For some unsettling bedtime reading here is the Project Gutenburg page.

I’ll be buying the DVD box set when it comes out. 😉

AVBCW: The Welsh Invaders of Longstreet

For the second skirmish game using Brink of Battle, we opted for more buildings. JP laid out a single central road, hence the name of the fictional hamlet of Longstreet.

JP chose to deploy his Welsh militia – an elite force all tooled up with ‘traits’ such as Marksman, sharpshooter etc, so there was only 5 of them. Yours truely took the cut and paste approach and did the same 7 guys just in black.

I set a couple of guys out across the left hand field.

The other five lead by my commander went up the road – and the commander promptly got knocked down (luckily not dead) by one of the Welsh marksmen.

The rest of the troops made better use of ‘concealment’ and ‘cover’, which when we read the rules properly are two different factors. The Welsh militia and BUF then exchanged fire whilst inching forward down the centre of the table.

JP tried a falnk attack, but we both learnt one key issue – the order in which you command your men. His guy out in the open had a very close shave, got behind the hedge before eventually being bumped off by me using the turn sequence tactically.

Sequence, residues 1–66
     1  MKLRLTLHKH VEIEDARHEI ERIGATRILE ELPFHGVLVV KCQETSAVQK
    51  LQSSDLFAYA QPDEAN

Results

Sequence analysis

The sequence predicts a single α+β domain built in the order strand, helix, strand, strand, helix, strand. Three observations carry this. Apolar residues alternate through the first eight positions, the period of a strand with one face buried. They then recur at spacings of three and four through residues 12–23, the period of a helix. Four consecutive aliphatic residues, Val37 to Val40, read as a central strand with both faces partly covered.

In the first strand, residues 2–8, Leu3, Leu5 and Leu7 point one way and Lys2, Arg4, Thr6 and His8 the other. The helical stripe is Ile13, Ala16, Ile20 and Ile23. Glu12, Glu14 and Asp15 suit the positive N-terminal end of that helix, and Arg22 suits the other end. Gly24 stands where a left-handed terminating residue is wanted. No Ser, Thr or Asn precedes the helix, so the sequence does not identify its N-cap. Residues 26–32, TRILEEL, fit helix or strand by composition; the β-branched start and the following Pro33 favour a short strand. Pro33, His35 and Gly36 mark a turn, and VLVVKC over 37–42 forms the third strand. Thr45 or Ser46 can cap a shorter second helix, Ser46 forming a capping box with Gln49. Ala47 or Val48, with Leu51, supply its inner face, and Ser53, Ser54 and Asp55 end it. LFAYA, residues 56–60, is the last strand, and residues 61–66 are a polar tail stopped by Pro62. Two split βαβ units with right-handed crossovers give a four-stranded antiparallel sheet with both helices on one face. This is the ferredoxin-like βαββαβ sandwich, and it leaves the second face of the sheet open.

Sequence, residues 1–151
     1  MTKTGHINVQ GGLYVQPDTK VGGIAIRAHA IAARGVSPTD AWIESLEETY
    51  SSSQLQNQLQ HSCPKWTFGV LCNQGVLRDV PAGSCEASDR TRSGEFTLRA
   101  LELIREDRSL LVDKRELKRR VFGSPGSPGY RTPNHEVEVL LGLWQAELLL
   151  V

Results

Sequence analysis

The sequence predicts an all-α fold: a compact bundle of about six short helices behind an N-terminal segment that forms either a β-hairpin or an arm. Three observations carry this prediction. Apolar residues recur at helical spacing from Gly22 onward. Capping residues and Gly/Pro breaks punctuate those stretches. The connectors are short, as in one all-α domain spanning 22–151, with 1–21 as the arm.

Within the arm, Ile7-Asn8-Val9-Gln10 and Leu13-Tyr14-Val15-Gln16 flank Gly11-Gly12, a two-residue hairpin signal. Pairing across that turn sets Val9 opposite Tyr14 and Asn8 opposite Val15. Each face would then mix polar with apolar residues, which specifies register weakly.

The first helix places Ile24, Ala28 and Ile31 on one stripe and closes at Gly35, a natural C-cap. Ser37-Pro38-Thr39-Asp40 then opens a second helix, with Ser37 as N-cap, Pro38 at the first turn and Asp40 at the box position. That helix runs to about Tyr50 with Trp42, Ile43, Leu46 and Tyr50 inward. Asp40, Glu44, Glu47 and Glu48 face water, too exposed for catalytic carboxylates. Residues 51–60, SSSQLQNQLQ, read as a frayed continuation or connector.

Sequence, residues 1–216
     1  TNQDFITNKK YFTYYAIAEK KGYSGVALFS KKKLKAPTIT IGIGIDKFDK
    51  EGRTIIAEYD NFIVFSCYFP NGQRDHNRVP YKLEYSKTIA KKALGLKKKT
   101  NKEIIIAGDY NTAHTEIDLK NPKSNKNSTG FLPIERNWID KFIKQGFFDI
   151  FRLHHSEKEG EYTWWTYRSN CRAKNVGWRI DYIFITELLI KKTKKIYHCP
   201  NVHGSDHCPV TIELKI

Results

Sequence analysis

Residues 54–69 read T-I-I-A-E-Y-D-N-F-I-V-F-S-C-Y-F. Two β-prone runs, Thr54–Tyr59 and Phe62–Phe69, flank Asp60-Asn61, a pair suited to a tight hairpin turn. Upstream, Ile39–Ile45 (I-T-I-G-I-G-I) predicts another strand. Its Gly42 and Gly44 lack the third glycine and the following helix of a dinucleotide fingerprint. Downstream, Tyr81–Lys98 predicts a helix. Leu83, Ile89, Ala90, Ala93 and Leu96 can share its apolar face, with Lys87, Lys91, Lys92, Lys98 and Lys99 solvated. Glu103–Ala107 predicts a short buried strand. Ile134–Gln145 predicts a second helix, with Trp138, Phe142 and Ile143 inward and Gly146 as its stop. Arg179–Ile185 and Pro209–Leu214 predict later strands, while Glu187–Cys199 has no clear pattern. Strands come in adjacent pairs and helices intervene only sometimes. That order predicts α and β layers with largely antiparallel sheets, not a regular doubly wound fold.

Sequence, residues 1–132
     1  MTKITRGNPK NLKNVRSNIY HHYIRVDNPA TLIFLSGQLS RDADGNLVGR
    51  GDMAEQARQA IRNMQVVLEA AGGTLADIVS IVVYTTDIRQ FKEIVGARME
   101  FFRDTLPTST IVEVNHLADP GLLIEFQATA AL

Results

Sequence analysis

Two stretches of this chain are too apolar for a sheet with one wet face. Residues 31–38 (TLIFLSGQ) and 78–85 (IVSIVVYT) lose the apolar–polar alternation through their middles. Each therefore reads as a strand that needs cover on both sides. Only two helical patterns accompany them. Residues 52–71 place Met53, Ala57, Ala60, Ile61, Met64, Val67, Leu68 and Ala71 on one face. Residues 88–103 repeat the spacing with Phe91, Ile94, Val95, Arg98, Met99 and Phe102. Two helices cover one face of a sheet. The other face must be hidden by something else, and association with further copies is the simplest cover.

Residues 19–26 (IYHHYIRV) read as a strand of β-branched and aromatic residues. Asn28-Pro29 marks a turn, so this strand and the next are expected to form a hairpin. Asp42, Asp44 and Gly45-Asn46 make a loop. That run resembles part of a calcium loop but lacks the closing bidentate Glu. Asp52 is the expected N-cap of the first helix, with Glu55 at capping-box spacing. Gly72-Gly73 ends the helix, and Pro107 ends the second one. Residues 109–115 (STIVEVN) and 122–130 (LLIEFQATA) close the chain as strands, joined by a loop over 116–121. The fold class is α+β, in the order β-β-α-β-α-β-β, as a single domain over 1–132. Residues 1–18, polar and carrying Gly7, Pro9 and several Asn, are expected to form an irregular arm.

Ultimately my firing line behind the stone wall proved too much and the Welsh militia was driven off.

God save the King & Mosley ! The BUF Three Counties League will have to retaliate against the separatist Welsh and bring them to heel !

What we learnt:

  • Cover, and Concealent are dealt with differently in Brink of Battle
  • Though we still have enough Action tokens to command all our troops in these small battles, the order in which you activate your troops is very important.
  • Don’t stand out in the open !!!!!!!!
  • JP really had bad dice rolls
  • Traits are really important and make a real difference.

Looking back at an earlier posting, many of these points were noted before, but not rammed home until the rules are actively used in anger so to speak. They remain a fun set of rules for real low level skimishing. JP is considering a horde of ill equipped farmers to test things out further.

AVBCW: Rescue Mission, or BUF in a Barn